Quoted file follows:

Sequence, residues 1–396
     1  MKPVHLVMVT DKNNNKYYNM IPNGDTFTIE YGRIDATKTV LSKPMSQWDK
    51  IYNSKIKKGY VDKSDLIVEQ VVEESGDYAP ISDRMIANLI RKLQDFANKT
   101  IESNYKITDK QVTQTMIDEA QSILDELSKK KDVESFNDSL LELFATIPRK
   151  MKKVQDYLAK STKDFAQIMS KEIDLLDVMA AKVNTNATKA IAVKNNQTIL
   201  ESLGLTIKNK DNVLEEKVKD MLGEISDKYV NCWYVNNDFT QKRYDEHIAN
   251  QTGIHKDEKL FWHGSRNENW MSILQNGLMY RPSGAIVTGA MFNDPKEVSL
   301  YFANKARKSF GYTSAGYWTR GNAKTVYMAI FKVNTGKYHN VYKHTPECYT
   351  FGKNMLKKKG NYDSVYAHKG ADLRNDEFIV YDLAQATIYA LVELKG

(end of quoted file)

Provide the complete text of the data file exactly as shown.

Sequence, residues 1–396
     1  MKPVHLVMVT DKNNNKYYNM IPNGDTFTIE YGRIDATKTV LSKPMSQWDK
    51  IYNSKIKKGY VDKSDLIVEQ VVEESGDYAP ISDRMIANLI RKLQDFANKT
   101  IESNYKITDK QVTQTMIDEA QSILDELSKK KDVESFNDSL LELFATIPRK
   151  MKKVQDYLAK STKDFAQIMS KEIDLLDVMA AKVNTNATKA IAVKNNQTIL
   201  ESLGLTIKNK DNVLEEKVKD MLGEISDKYV NCWYVNNDFT QKRYDEHIAN
   251  QTGIHKDEKL FWHGSRNENW MSILQNGLMY RPSGAIVTGA MFNDPKEVSL
   301  YFANKARKSF GYTSAGYWTR GNAKTVYMAI FKVNTGKYHN VYKHTPECYT
   351  FGKNMLKKKG NYDSVYAHKG ADLRNDEFIV YDLAQATIYA LVELKG